Thursday, May 04, 2006

National Geographic Boobs

WASHINGTON (CNN) -- After more than three years of U.S. combat in Iraq, nearly two-thirds of Americans aged 18 to 24 still cannot find Iraq on a map, a study released Tuesday showed.

The study found that less than six months after Hurricane Katrina devastated New Orleans and the Gulf Coast, 33 percent could not point out Louisiana on a U.S. map.

The National Geographic-Roper Public Affairs 2006 Geographic Literacy Study paints a dismal picture of the geographic knowledge of the most recent graduates of the U.S. education system.

When asked to point out Italy on a world map, 19 year old Trevor Trainor said, “Dude, WTF?”

"Taken together, these results suggest that young people in the United States ... are unprepared for an increasingly global future," said the study's final report.

Reilly O’Bill, prayer ministry leader of Campus Neo-Conservative Crusade for Christ at Ohio State, said “It’s winning the lost that counts. I wanna be a missionary. You know, somewhere over there in a country that’s got some of those Muslim people. Hopefully with warm weather and flush toilets.”

The study’s authors added, "Far too many lack even the most basic skills for navigating the international economy or understanding the relationships among people and places that provide critical context for world events."

Heather Lovey, fashion design trainee at the University of Phoenix, wants to bring designer bras to the women of Africa so she can “do well by doing good.”

“All of ‘em go topless,” she said. “Let’s face it, gravity takes its toll. Who wants to look at natural saggy boobs? It takes away all the mystery.”

The study, which surveyed 510 young Americans from December 17 to January 20, showed that 88 percent of those questioned could not find Afghanistan on a map of Asia despite widespread coverage of the U.S.-led overthrow of the Taliban in 2001 and the political rebirth of the country.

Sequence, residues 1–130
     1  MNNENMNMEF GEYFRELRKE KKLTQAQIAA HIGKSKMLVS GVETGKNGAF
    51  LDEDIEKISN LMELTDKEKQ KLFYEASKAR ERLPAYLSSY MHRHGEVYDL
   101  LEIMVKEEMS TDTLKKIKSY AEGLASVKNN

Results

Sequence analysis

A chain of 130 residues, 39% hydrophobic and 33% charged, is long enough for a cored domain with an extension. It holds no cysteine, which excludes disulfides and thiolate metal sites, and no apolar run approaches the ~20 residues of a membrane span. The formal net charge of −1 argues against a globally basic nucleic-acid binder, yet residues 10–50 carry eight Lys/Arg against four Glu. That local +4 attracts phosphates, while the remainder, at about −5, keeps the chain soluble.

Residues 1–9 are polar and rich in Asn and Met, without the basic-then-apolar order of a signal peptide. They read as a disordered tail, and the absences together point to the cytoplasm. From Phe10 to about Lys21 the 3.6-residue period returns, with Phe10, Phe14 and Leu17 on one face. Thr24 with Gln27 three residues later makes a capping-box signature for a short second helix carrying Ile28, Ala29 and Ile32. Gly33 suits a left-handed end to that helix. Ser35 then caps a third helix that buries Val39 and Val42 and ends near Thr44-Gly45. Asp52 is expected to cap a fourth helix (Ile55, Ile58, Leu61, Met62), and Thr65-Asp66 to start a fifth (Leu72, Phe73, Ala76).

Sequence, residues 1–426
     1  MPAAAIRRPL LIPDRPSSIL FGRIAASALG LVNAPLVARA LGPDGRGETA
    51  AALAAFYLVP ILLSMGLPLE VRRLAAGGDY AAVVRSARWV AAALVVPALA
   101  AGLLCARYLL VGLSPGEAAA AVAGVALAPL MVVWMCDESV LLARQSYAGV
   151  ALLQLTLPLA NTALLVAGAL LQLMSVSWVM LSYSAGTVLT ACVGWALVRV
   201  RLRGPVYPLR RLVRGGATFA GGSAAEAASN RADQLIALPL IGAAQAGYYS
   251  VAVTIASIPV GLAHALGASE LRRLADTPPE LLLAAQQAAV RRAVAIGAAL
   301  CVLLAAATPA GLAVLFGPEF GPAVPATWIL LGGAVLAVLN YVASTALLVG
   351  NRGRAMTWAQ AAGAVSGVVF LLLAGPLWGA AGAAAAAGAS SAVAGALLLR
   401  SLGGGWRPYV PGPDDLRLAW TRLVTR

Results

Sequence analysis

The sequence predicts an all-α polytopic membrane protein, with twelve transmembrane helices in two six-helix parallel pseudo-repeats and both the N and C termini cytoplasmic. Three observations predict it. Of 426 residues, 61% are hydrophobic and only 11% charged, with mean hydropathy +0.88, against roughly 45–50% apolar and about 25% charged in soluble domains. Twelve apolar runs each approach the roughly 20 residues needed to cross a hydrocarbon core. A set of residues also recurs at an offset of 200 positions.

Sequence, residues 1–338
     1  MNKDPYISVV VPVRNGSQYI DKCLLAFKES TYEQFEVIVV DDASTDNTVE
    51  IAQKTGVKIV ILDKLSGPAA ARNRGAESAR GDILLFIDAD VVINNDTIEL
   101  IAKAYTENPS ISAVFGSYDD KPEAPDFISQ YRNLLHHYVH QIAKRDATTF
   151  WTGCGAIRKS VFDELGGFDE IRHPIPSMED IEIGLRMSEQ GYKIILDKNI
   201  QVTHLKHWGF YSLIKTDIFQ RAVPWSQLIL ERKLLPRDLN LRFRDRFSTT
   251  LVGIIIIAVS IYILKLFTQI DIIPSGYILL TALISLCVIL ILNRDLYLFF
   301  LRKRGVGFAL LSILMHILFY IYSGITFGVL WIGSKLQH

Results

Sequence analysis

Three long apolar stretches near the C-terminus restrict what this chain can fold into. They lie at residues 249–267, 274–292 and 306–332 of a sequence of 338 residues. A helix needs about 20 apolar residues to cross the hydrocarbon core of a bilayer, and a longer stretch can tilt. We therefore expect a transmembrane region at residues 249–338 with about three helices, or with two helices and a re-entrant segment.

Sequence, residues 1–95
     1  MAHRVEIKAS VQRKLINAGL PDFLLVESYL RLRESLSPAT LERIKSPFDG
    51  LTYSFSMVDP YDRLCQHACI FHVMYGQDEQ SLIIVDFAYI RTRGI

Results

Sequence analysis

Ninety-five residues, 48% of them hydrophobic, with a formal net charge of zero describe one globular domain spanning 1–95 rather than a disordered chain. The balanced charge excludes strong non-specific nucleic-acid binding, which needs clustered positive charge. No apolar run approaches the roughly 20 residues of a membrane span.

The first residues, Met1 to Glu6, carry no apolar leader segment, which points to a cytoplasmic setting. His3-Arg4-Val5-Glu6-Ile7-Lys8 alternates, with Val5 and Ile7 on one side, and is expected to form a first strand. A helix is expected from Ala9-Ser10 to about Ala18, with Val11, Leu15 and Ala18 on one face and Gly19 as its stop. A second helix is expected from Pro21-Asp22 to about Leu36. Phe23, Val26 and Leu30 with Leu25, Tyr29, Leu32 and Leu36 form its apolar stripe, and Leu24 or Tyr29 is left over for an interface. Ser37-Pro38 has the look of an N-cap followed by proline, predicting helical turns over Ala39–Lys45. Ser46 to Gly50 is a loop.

In the Middle East, 63 percent could not find Iraq or Saudi Arabia on a map, and 75 percent could not point out Iran or Israel. Forty-four percent couldn't find any one of those four countries.

On the positive side, the study noted, seven in 10 young Americans correctly located China on a map, even though they had a number of misconceptions about that country.

Forty-five percent thought Jackie Chan was the Emperor of China.

When the poll was conducted in 2002, "Americans scored second to last on overall geographic knowledge," the report said.

“The ‘No Child Left Behind’ initiative has raised our current 2006 scores above teens from the Republic of the Congo into third to last,” one of the authors of the report added.

The release of the 2006 study coincides with the launch of the National Geographic-led campaign called "Beyond My Own Private Idaho." A statement on the program said it was designed to "inspire parents and educators to give their kids the power of global knowledge."


Blogger 3wishes said...

The dumbing down continues.

11:32 AM  
Blogger Wordcat said...

The sad thing is, I'm not sure it really is a dumbing down. I don't know if these scores would have been any higher twenty years ago. But it's cause for pause when you know most folks--even educated folks--in the nation that affects what happens in the world more than any other don't have a clue what's really going on in the rest of the world. If people did I think we'd have a very different approach to the world and foreign policy.

11:54 AM  
Blogger 3wishes said...

Yes and then maybe the world can laugh with us instead of at us. I love living "country" but sometimes the things I hear people say, its like fingernails on the chalkboard. The Prez is a victim of living in Texas, all of a sudden you say things like "fixin to". He must sound like such a bafoon to foreigners :^ Texans couldnt care less about what is going on in the world. I know you have your share of summer Texans in Colorado. Heaven help you :)

12:36 PM  

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